Our Process

Our Process

Concept, design, and new product development

VPPE will help transform abstract ideas into quality packaging from concept to design to production

Our in-house design staff

creates packaging incorporating both form and function. We will assist you in developing packaging, to maximize profitability by utilizing plan-o-gram space to its fullest capacity. Things to consider for your next project …



Prototypes will be submitted for approval on all new items prior to fabricating multi-cavity production tooling.


Lead Times

Lead times for the fabrication of production tooling are four to six weeks. Production reorders are produced within two to three weeks or to meet your schedule requirements.


Quality Control

Our production staff performs quality control measures continuously throughout your production run. Blisters, trays, clamshells, and tri-fold packages are all checked for compliance to each customer’s specifications.



When shipping, all cartons are bar coded and reflect your purchase order number, item number, description, and piece counts. All cartons are palletized and stretch-wrapped.

Things to consider for your next project

  1. Part description component list (what is the package supposed to hold?)
  2. Type of material (type, color, grade)
  3. Gauge of material
  4. Quantity required
  5. Type of part (blister, trapped blister, clamshell, etc.)
  6. Outside dimension (or open dimension in the case of a clamshell)
  7. Depth (on a clamshell, closed depth, and open depth)
  8. Flange size card size (where applicable)
  9. If the part is a clamshell, does it need hang-holes, and if so, how many.
  10. Are there any special functions the package needs to perform? (does it need to stand, how will it be sealed, etc.)
  11. Are there data files available for the product?


A basic understanding of the materials used in the thermoforming process, and the capabilities and benefits of each, is an important part of servicing our customer’s needs. Each project needs to be reviewed from the standpoints of functionality, cost, aesthetics, as well as durability in shipping and at retail. Over time, material popularity waxes and wanes, dependent on the needs of the marketplace.

Throughout the 90’s, PVC was the material of choice, based on cost and function. Currently, RPET is the most common material we process, but we also process PVC, HIPS, PETG, PLA, PP, and ABS, as well as different grades and specifications of those materials. Below is a basic primer on the different materials we handle most frequently.


PP (Polypropylene)

Of all the thermoform grade materials, Polypropylene has the poorest melt strength, which poses processing issues with the type of wide bed machines that we use. Excessive sheet sag can cause noticeable gauge variances, as well as webbing issues in the formed part.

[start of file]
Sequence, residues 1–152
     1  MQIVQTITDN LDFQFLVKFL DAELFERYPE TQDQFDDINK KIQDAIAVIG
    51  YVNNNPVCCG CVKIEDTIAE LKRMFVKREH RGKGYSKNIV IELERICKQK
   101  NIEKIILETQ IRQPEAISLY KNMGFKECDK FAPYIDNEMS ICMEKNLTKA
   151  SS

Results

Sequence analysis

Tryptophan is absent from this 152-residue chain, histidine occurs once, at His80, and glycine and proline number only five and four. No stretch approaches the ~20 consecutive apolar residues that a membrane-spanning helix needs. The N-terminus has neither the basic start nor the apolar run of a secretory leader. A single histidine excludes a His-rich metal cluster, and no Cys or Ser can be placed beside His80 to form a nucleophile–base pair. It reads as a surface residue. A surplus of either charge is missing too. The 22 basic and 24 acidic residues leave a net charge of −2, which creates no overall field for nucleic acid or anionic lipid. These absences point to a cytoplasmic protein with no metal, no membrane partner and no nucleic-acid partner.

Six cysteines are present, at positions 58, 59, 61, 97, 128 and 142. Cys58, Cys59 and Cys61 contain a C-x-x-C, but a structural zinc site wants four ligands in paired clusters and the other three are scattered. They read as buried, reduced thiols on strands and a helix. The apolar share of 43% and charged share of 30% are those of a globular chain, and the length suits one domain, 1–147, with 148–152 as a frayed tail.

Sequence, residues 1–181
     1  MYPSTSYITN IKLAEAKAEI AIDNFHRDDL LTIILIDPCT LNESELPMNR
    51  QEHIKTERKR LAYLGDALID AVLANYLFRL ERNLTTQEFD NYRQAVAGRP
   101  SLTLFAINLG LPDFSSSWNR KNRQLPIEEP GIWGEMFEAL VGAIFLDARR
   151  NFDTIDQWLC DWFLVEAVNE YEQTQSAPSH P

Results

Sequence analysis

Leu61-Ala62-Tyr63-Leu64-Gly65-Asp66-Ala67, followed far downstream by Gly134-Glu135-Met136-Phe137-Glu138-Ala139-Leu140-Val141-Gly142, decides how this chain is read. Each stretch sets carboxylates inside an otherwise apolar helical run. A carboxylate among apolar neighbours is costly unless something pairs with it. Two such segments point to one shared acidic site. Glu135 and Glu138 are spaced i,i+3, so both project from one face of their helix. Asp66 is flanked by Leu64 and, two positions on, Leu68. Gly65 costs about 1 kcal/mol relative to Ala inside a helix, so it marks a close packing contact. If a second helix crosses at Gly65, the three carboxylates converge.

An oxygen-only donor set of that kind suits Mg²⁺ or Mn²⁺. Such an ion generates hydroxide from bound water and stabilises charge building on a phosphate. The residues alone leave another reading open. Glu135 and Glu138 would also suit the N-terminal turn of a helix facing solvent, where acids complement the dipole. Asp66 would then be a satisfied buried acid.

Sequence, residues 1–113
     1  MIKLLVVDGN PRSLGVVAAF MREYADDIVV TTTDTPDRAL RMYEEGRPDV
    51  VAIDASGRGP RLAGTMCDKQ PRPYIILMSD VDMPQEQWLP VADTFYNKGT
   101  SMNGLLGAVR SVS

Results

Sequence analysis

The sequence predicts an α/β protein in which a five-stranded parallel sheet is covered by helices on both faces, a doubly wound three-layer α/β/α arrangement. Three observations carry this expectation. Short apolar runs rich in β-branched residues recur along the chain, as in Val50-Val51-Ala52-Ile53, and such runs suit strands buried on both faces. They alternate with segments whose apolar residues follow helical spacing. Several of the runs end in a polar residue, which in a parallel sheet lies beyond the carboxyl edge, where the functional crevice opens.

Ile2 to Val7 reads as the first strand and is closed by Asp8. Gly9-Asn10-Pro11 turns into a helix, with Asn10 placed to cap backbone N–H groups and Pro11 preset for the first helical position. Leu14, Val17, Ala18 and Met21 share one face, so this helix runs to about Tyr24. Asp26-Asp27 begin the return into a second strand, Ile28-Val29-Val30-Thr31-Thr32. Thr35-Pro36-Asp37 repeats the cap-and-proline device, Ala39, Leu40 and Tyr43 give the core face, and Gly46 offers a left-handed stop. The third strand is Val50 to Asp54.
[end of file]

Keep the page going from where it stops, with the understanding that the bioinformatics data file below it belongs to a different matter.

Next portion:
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ABS (Acrylonitrile Butadiene Styrene)

ABS is a blend of acrylic and styrene, yielding a material that is significantly stronger than standard HIPS, with a glossy appearance, and great impact resistance. Raw material cost can be nearly double that of HIPS, and it processes at a slower rate, which also impacts finished part cost.

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PLA (Poly Lactic Acid)

PLA, is a cornstarch based material, which is biodegradable when composted. This material is incredibly brittle, even under the best conditions. If a package is designed to accommodate PLA, it is possible to create something that could survive the retail atmosphere, but the material could never be called impact resistant.

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PVC (polyvinyl chloride)

PVC is considered to be one of the most impact resistant materials, with good formability, excellent clarity, and good cost to benefit ratios. Most virgin PVC has a slightly bluish tint to it, whereas recycled PVC can have a slightly grayish or greenish tint, due to contaminants in the scrap material used in processing.

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PET (Polyethylene terephthalate)

PET is currently the most common material we process, although the greater majority of that material is recycled, or RPET. Cost is the major driving force towards this change, although the lack of chlorine in the polymer is also a determining factor in the selection of this material.

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PETG (modified Polyethylene Teraphthalate)